Silence, Stillness and Centering before God (2 Minutes)

Scripture Reading & Devotional:

so that at the name of Jesus every knee should bow, in heaven and on earth and under the earth, 11and every tongue confess that Jesus Christ is Lord, to the glory of God the Father. —Philippians 2:10-11

One day, cancer will bow. One day, pain and sorrow and hurt will eat dust. One day, racism and prejudice will fall on their faces in abject surrender. One day, atheists will believe and demons will shudder, forced to face the One they have hated and denied. One day, there will be no uncertainty, no ambiguity, no shades of gray. One day, oh one day, every knee will bow, every stiff neck will bend, every rebellious heart, every arrogant spirit, every proud thought will kneel before the King. There will be no debate, nor argument, no objection. One day, there will only be assent, recognition, and humility. One day. One day.

One day the cry of the heart will not be “Me! Me! Me!” It will be “Him! Him! Him!” One day every fist raised in fight will sink to its side as open palms rise in deference. One day every tongue, every voice, every capacity to communicate will have but one message: “He is Lord! He is Lord! He is Lord!” “Glory!” will be the anthem. “Glory!” will be song. Every exhalation will be exaltation. One day. Oh, one day.

“How can such a thing be,” you ask? Because of one day. One day the infinite, eternal Son of God, the Word who was in the beginning with God, who was God, though he was in the form of God, did not count equality with God a thing to be grasped, made himself nothing; he took on the form of a servant. One day, the Creator of man took on the form of man, being born in the likeness of men. One day, being found in human form, he humbled himself by becoming obedient. One day, the Son, the Word, the eternal joy of the Father, the Beloved and Begotten went to the cross, and he died.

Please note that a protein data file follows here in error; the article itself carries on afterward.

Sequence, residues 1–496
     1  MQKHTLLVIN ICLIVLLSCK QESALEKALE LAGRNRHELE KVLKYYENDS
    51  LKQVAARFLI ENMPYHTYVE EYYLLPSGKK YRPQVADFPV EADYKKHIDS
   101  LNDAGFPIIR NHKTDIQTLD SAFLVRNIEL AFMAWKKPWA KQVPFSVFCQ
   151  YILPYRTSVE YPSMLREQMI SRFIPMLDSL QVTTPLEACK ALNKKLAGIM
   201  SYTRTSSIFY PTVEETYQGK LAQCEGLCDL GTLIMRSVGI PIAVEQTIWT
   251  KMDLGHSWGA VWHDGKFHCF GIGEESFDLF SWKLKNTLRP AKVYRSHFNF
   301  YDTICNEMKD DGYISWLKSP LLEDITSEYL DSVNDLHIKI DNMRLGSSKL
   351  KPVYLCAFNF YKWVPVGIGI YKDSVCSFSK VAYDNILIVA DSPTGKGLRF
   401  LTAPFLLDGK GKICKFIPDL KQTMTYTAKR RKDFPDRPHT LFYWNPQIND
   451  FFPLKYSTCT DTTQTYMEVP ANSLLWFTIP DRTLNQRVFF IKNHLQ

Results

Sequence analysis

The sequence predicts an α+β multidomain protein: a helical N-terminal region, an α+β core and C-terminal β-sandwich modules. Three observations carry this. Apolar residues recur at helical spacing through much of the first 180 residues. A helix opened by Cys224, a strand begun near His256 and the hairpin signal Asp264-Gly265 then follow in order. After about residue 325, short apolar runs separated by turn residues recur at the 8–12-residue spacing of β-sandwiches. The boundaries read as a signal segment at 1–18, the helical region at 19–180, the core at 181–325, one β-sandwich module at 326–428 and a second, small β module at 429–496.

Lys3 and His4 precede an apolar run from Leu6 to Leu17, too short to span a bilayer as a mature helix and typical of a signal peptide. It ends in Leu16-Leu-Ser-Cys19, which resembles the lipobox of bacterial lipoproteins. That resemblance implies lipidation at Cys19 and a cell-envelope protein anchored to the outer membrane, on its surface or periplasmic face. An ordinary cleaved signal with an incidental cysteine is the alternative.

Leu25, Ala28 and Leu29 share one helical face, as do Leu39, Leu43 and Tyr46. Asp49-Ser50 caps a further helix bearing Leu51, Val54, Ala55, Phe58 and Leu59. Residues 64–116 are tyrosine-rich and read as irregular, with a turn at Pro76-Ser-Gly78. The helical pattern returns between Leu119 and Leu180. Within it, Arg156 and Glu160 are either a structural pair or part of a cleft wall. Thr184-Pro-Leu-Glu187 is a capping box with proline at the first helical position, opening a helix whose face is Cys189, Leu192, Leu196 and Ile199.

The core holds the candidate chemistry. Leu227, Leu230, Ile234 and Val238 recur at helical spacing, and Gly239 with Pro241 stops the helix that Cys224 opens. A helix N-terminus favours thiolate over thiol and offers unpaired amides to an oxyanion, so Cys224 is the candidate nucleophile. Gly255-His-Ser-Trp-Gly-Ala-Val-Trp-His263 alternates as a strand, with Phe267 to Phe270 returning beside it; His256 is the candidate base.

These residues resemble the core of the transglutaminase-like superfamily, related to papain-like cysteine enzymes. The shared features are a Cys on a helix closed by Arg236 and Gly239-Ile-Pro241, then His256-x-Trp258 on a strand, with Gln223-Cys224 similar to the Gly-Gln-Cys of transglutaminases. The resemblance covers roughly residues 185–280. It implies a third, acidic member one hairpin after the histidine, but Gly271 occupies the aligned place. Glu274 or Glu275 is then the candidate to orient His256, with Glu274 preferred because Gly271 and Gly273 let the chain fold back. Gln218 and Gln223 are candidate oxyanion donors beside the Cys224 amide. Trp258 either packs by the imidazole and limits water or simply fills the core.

One day, the plan of God to express the fullness of His glory to the created sphere through sacrificial, redemptive love was realized in the death of Christ on the cross. On that day, God exalted him. On that day, God bestowed on His Son, the name that is above all names. The praiseworthy name. The trustworthy name. The sacrifice-worthy name. The honor-worthy name. The glory-worthy name. The bowing the knee and proclaiming out loud worthy name.

One day became that day and will become one day again. But in between that day and one day is today. Right now. One day, every knee will bow and every tongue confess because there will be no other choice. No will of man or angel or beast shall rise against the will of God, one day. Today, however, we have a choice. Today we may bow and confess because we get to, not because we have to. Today we may join the Father in the exaltation of the Son! Today, we are free to bow and submit and honor and glory. We do not have to wait for one day. Today can be that day, if we will but bow the heart, submit the spirit, surrender the mind to the all encompassing, discipline the body to the living truth that Jesus Christ is Lord!